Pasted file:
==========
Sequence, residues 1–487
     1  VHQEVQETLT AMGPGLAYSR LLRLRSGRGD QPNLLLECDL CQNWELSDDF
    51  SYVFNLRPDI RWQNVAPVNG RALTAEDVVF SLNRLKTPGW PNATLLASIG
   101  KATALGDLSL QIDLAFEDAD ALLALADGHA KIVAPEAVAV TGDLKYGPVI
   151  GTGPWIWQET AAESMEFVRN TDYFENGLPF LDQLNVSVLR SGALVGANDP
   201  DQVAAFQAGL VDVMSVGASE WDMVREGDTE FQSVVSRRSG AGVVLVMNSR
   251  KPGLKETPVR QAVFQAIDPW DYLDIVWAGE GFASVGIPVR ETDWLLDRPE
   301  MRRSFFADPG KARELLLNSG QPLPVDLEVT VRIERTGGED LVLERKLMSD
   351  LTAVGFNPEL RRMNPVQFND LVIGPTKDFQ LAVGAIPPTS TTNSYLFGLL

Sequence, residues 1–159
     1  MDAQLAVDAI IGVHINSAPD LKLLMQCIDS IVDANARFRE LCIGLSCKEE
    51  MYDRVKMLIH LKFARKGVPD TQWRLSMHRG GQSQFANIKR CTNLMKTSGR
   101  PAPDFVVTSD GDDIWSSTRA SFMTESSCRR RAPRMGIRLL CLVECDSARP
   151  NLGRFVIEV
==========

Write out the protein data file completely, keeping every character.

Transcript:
Sequence, residues 1–487
     1  VHQEVQETLT AMGPGLAYSR LLRLRSGRGD QPNLLLECDL CQNWELSDDF
    51  SYVFNLRPDI RWQNVAPVNG RALTAEDVVF SLNRLKTPGW PNATLLASIG
   101  KATALGDLSL QIDLAFEDAD ALLALADGHA KIVAPEAVAV TGDLKYGPVI
   151  GTGPWIWQET AAESMEFVRN TDYFENGLPF LDQLNVSVLR SGALVGANDP
   201  DQVAAFQAGL VDVMSVGASE WDMVREGDTE FQSVVSRRSG AGVVLVMNSR
   251  KPGLKETPVR QAVFQAIDPW DYLDIVWAGE GFASVGIPVR ETDWLLDRPE
   301  MRRSFFADPG KARELLLNSG QPLPVDLEVT VRIERTGGED LVLERKLMSD
   351  LTAVGFNPEL RRMNPVQFND LVIGPTKDFQ LAVGAIPPTS TTNSYLFGLL

Sequence, residues 1–159
     1  MDAQLAVDAI IGVHINSAPD LKLLMQCIDS IVDANARFRE LCIGLSCKEE
    51  MYDRVKMLIH LKFARKGVPD TQWRLSMHRG GQSQFANIKR CTNLMKTSGR
   101  PAPDFVVTSD GDDIWSSTRA SFMTESSCRR RAPRMGIRLL CLVECDSARP
   151  NLGRFVIEV